Impressive results from a small trial of Clovis’s Rubraca as a maintenance therapy in pancreatic cancer patients point to what Parp inhibitors might be capable of in this setting. Since this setting is currently the realm of highly toxic platinum-based chemotherapies, the prospect of a more tolerable treatment regimen, for certain patients at least, represents a notable advance in an area more commonly associated with setbacks.
At AACR today investigators from Penn University reported results from an uncontrolled trial recruiting patients positive for BRCA or PALB2 genetic mutations, who were in response to first-line chemotherapy. Six-month progression-free survival in such subjects approximates to 44%, the researchers said, and the trial aimed to push this above 60%.
The six-month PFS in the study currently stands at around 70%, the AACR data revealed. An overall remission rate of 38% has been achieved in the 19 patients evaluable so far, comprising one complete and six partial responses. Median PFS, from the start of Rubraca dosing, is 9.1 months, while median overall survival has yet to be reached.
Penn's Dr Kim Binder, presenting the data at an AACR press conference this morning, said the main goal of this trial was to maintain efficacy but cut chemo-associated toxicity, since demonstrating increased survival would necessitate a controlled study. "If we can improve on efficacy that would be great," she added.
She touted the results as highly encouraging, stressing no reported dose-limiting toxicities, but also cautioned that this was far from the final analysis of the trial, which seeks to recruit 42 subjects in total.
These findings make for very interesting reading in the wake of Astrazeneca’s success with the phase III Polo study of its Parp inhibitor Lynparza in a very similar setting; earlier this year the company said the trial had met its primary PFS endpoint, and a look at the data is keenly awaited. When this might be has yet to be disclosed, though Asco seems a likely venue.
The Penn study of Rubraca recruited similar patients to Polo, though it is not immediately clear whether Polo also selected for the PALB2 genetic mutation, which occurs even less frequently than BRCA.
Around 6-8% of pancreatic cancer cases harbour either BRCA or PALB2 mutations, according to the Penn researchers. These tumours frequently respond very well to platinum-based chemotherapies, but long-term maintenance therapy is marked by substantial toxicities, hence the hope that the Parp class might offer a more tolerable option.
|Selected trials of Parp inhibitors in pancreatic cancer|
|Trial name/ID||Setting/description||Product||Sponsors||Enrolment||Primary completion|
|Polo (NCT02184195)||BRCA +ve, maintenance||Lynparza||Astrazeneca/Merck||154||Primary endpoint met, awaiting full data|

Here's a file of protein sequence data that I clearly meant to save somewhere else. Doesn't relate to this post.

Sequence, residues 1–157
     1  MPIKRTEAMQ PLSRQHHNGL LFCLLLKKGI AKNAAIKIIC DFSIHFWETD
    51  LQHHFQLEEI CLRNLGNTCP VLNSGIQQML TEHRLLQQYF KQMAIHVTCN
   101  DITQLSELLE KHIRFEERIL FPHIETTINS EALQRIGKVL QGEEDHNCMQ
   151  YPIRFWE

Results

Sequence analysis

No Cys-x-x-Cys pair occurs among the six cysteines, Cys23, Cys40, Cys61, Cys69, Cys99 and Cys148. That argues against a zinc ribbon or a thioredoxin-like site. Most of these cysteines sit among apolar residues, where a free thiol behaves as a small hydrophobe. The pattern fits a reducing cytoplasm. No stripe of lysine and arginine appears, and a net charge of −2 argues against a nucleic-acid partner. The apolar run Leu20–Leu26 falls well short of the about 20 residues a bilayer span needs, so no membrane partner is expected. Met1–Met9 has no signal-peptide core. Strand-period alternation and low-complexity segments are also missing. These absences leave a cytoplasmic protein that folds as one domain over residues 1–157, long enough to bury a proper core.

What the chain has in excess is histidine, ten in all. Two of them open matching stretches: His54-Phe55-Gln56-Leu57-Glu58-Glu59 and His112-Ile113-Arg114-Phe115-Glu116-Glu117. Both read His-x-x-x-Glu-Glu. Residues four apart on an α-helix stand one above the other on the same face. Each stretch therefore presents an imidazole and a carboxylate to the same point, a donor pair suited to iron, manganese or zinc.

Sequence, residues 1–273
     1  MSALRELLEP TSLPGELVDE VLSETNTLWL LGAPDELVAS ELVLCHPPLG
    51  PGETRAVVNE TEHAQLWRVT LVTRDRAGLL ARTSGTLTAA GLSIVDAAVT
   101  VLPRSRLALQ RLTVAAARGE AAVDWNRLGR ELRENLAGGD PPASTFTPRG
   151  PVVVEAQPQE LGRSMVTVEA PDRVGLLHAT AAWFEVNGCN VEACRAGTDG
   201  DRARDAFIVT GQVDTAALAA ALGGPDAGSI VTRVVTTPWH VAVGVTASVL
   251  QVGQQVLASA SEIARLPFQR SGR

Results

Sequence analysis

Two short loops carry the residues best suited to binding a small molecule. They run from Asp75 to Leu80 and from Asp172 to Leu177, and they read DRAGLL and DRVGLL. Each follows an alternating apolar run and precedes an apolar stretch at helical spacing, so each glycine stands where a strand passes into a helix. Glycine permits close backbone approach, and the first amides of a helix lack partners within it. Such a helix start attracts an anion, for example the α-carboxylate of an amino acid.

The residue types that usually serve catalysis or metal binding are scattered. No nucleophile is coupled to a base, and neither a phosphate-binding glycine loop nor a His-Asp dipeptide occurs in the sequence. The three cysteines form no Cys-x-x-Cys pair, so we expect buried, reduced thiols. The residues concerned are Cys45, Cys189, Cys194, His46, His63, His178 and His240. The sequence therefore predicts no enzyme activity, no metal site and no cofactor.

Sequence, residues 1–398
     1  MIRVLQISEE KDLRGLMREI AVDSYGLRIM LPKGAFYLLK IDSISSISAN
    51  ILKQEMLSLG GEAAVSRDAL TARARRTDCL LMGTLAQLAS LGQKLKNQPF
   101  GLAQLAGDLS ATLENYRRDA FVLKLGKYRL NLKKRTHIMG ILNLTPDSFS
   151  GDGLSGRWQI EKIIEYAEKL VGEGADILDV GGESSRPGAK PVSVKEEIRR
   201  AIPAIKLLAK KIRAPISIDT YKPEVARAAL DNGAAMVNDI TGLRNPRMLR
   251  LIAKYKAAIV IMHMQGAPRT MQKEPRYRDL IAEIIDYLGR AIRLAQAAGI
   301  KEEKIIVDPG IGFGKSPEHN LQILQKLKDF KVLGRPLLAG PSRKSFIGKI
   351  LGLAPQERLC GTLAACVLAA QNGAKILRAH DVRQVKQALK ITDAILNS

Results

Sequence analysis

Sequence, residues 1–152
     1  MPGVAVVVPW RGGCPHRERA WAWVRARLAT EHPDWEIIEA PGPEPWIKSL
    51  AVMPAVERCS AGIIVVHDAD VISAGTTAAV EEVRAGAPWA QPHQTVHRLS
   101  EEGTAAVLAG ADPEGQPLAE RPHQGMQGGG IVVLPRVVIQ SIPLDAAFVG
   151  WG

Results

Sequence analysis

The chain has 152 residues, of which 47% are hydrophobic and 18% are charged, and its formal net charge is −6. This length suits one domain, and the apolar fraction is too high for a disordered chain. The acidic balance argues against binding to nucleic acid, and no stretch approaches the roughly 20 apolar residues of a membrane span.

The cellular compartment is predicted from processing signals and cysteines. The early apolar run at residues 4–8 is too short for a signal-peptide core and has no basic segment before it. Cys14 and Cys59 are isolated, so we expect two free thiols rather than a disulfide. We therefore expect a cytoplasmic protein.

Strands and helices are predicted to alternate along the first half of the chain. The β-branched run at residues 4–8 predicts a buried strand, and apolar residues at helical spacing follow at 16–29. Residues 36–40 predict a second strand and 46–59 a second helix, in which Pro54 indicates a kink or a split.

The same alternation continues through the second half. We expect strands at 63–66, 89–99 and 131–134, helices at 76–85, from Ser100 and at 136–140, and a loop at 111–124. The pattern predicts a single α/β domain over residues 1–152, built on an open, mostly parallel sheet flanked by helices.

|NCT03140670||BRCA/PALB2 +ve, maintenance||Rubraca||U. Penn||42||Interim reported, primary completion 30/06/2021|
|NCT02890355||All comers, second-line, metastatic||Veliparib plus FOLFIRI or modified FOLFIRI.||NCI||143||May 2019|
|Parpvax (NCT03404960)||All-comers, maintenance||Zejula + Yervoy or Opdivo||U. Penn||84||Jan 2021|
|NIRA-PANC (NCT03553004)||DNA repair mutation, second-line, metastatic||Zejula||U. Kansas||18||Feb 2021|
|NCT03682289||Basket trial incl pancreatic settings||AZD6738 +/- Lynparza||U. California||68||Mar 2021|
|NCT03601923||DNA repair mutation, second-line, metastatic||Zejula||Dana-Farber||32||Feb 2022|
|Dapper (NCT03851614)||Basket trial incl pancreatic setting||Imfinzi + Lynparza or Imfinzi plus cediranib||UHN, Toronto||90||Mar 2022|
|Source: EvaluatePharma, clinicaltrials.gov.|
Considering the strong scientific rationale for treating patients with a BRCA or related genetic mutation with a Parp inhibitor, it is notable that industry has invested little effort in testing these agents in pancreatic cancer. This is probably down to the historically intractable nature of this disease, and the relatively small commercial opportunity, but as the table above shows there has been a fair amount of academic interest.
Trials of note here include a study called Parpvax, which is also being run at the University of Pennsylvania. This is looking at whether checkpoint blockade can add anything to Parp inhibition in patients who respond to platinum chemotherapies; all patients regardless of genetic mutations are being recruited, presumably to see if the scope of the Parp inhibitors can be broadened to other types of homologous recombination deficiencies, of which BRCA is one example.
In terms of commercial advantage, Astrazeneca and Merck & Co with Lynparza are obviously ahead here, but the trial reported today also stands Clovis in good stead. After Tesaro was bought by Glaxosmithkline Rubraca is the only Parp inhibitor in the hands of a small company, and Clovis needs all the help it can get.
This is an updated version of an earlier story.